Last minute EU decision allows data to flow freely

30th June 2021

Once again negotiations between the EU and the UK have run down to the wire. The transition period for data transfers between the bloc and the UK was due to end today, 30 June. Just in the nick of time, the EU has formally adopted an ‘adequacy’ decision which will allow data to continue to flow freely. This means that business in the UK and EEA alike can breathe a sigh of relief.


What is an adequacy decision?

The transfer of personal data outside the EEA, which is usually a ‘restricted transfer’, is permitted where the EU has found that country’s data protection and privacy regime to be ‘adequate’ and in line with the strict controls of the EU General Data Protection Regulation 2016/679.

A transition arrangement has been in place since Brexit, which treated the UK as if it were still a member of the EU for data protection purposes, but this was set to end. If the adequacy decision had not been approved, the UK would have been classed as a third country for data protection purposes and the transfer of personal data from the EU would be permitted only subject to additional arrangements.


Is the decision unexpected?

The UK GDPR is almost identical to the EU equivalent, so in many ways the decision is not surprising. Although the EU published a draft finding of adequacy in February, this required final authorisation and, with the deadline of the 30 June as the end of the transitional arrangements approaching, there was no room for complacency.

Formal adoption of the adequacy decision confirms that personal data is permitted to flow freely between the UK and the EEA. This means that UK based organisations can continue to receive EEA personal data on the same basis, without additional restrictions.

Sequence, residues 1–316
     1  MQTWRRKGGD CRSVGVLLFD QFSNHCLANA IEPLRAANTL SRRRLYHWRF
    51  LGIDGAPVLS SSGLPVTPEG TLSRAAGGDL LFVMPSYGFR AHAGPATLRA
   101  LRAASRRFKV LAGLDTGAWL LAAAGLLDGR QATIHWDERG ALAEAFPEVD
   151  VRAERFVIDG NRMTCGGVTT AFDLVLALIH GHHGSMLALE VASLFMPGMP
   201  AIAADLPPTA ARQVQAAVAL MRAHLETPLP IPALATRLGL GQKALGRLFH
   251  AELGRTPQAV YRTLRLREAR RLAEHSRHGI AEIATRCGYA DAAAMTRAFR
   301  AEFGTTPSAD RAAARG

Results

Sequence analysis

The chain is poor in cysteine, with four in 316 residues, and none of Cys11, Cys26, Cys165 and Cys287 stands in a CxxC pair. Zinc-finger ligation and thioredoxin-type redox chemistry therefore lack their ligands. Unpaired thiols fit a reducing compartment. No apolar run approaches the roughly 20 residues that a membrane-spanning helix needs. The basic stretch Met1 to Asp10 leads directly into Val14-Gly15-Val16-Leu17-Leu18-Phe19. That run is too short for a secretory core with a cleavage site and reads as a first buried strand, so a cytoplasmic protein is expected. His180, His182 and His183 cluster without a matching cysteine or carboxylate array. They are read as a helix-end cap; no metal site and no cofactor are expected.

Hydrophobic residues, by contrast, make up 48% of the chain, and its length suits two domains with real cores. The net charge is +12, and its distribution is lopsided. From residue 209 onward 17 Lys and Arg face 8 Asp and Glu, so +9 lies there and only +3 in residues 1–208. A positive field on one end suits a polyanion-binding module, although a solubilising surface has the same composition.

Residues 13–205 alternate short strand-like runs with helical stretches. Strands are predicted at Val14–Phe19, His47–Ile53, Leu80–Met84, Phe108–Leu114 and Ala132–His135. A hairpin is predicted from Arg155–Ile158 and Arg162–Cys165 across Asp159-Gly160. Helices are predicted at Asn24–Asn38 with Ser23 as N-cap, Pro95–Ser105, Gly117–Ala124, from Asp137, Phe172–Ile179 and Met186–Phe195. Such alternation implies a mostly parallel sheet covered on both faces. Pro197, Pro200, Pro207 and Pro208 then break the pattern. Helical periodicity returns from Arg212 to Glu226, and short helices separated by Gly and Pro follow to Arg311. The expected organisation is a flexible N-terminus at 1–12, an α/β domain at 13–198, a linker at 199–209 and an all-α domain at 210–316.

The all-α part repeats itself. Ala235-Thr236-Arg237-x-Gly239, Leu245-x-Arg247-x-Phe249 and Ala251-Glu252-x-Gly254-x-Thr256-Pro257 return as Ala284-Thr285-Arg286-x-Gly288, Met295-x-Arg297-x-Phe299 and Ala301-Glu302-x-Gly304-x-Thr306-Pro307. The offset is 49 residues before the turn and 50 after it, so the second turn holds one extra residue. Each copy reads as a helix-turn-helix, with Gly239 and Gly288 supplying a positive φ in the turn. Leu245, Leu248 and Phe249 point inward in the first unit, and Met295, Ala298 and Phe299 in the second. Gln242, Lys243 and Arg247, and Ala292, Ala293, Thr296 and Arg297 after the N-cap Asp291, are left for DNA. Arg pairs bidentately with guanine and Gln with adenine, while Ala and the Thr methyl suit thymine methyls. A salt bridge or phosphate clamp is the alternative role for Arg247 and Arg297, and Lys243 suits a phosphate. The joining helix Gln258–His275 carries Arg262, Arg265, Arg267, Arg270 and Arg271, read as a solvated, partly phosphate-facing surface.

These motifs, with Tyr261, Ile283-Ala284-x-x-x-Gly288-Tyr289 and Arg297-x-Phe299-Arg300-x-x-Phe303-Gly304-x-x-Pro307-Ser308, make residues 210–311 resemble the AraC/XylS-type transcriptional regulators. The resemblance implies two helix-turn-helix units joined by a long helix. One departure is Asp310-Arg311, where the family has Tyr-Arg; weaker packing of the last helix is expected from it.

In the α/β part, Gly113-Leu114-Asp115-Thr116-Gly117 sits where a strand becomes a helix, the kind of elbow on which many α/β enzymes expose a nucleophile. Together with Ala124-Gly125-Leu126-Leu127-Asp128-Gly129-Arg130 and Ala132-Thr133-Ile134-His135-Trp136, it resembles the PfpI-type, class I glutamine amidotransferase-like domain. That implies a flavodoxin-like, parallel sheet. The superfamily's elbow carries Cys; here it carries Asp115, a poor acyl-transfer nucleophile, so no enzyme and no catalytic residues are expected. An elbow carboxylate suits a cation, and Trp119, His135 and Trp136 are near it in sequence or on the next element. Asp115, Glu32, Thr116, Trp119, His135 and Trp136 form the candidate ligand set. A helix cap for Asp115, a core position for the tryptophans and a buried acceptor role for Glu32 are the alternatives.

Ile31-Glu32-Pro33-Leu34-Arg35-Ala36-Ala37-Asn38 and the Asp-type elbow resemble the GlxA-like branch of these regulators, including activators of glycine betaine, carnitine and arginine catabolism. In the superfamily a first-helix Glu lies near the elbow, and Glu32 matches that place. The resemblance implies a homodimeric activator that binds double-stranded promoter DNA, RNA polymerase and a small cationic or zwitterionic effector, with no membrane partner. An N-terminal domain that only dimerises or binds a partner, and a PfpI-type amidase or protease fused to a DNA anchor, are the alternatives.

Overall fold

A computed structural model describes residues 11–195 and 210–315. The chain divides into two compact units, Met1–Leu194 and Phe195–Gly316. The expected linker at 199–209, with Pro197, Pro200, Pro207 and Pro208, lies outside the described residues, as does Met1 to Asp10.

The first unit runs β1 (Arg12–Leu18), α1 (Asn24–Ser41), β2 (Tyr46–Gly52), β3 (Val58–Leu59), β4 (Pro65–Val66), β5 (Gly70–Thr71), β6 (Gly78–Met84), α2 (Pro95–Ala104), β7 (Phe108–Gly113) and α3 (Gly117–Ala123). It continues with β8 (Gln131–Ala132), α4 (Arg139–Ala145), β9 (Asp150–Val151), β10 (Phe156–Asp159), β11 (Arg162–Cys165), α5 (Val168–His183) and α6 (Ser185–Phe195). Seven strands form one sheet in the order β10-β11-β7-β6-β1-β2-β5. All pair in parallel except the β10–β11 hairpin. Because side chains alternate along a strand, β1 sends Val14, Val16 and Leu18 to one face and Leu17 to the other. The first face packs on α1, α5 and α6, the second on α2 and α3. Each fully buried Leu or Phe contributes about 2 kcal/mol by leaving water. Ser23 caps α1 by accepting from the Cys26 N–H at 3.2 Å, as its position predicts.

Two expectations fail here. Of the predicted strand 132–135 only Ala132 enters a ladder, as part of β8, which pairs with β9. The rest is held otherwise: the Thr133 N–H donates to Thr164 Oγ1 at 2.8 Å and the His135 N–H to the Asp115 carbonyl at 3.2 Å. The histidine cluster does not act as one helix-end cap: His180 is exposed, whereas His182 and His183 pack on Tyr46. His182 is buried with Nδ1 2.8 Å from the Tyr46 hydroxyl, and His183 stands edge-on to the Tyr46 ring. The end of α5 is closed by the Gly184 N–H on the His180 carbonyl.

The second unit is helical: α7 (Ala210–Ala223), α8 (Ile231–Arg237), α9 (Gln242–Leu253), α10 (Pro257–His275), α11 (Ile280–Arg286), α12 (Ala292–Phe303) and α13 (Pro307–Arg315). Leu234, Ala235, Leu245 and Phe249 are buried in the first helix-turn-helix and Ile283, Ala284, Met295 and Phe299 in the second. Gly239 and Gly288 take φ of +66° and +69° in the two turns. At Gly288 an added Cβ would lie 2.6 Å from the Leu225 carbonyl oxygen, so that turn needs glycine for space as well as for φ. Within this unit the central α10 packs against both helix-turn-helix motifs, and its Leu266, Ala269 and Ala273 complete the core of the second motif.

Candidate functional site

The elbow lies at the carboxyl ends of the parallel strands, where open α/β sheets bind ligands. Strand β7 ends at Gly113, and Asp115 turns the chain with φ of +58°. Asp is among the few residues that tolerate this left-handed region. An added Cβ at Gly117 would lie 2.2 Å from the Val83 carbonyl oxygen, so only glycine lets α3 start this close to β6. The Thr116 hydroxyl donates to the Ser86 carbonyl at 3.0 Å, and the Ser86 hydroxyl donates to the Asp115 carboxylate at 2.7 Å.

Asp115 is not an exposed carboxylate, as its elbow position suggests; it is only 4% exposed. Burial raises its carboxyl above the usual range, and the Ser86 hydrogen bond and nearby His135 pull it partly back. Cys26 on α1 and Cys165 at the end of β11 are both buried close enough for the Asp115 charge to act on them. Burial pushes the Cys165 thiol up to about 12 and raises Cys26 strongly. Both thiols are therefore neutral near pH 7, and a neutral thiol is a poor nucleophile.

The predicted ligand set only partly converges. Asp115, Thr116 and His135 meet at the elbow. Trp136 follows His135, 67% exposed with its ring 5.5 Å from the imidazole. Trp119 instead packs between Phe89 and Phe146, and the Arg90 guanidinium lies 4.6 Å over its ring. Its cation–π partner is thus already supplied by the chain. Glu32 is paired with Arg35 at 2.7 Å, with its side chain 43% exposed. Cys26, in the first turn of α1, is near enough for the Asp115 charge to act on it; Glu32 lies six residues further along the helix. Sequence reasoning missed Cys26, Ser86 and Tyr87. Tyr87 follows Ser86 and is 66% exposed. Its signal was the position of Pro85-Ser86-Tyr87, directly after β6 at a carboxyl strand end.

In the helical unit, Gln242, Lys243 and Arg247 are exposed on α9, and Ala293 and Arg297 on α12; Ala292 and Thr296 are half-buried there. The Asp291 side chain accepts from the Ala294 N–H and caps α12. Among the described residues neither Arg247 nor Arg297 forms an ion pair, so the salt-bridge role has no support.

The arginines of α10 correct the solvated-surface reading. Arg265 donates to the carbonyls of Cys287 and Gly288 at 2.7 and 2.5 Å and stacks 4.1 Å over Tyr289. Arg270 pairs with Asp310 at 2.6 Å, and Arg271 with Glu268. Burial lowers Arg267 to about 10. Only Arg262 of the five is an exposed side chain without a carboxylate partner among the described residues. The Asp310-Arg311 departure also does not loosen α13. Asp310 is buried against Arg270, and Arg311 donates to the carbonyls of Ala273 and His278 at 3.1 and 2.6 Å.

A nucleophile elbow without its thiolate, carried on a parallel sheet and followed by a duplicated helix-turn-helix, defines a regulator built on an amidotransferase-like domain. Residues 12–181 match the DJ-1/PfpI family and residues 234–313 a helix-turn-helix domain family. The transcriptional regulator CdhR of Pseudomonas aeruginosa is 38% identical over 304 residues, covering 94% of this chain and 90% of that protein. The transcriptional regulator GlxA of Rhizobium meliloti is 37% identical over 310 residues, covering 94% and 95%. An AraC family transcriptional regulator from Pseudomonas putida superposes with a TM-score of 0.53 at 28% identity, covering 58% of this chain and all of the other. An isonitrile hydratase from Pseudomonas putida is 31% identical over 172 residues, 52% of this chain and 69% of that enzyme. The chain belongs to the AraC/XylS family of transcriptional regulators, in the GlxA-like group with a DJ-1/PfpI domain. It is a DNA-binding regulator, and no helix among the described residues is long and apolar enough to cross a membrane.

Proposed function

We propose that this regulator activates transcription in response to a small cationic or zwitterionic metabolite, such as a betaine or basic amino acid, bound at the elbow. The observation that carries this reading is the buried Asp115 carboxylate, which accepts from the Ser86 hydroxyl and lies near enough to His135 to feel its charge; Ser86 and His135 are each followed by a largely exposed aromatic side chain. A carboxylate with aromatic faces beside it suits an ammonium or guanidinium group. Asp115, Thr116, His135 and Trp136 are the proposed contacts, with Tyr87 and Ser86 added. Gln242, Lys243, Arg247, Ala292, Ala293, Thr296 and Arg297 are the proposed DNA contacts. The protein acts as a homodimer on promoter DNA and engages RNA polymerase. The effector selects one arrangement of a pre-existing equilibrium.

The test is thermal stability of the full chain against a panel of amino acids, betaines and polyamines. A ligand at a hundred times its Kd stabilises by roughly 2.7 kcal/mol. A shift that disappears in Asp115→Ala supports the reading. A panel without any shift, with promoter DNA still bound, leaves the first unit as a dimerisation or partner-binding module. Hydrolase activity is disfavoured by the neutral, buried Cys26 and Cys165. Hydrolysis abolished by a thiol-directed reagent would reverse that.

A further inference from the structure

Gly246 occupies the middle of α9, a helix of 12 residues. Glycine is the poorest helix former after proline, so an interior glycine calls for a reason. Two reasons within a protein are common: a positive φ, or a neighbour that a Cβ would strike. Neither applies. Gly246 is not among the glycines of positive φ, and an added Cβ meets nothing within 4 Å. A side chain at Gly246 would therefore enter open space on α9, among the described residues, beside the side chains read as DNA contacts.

Why does it matter?

The use of personal data is essential to the UK economy and the everyday trade of goods and services. That this can now continue to happen without additional barriers may be a positive indication about the UK’s trading relationship with the EU.

It is interesting to note that transfers of personal data for the purpose of UK immigration control are excluded from the decision.


What does it mean for my business?

Although the decision means that UK business may transfer data to and from the EU without carrying out additional due diligence, the EU data protection regime must still be considered. The finding of adequacy will expire in 2025 and can be revoked at any time without notice. It is the first time an adequacy decision has a fixed expiry date, which indicates the EU’s reservations about the future direction of UK data privacy.

It is expected that gaps between the UK and EU’s laws will widen over time, and as the landscape of data protection and privacy in the UK evolves, this may impact the transfer of data with the EU. One area which is likely to continue to cause concern for the EU is the onward transfer of data out of the UK to jurisdictions such as the USA.

Further, British business without an EU establishment which provide goods or services to individuals in the EU will still need to take steps comply with EU data protection laws. This means that many will need to ensure they comply with both UK and EU legislation.

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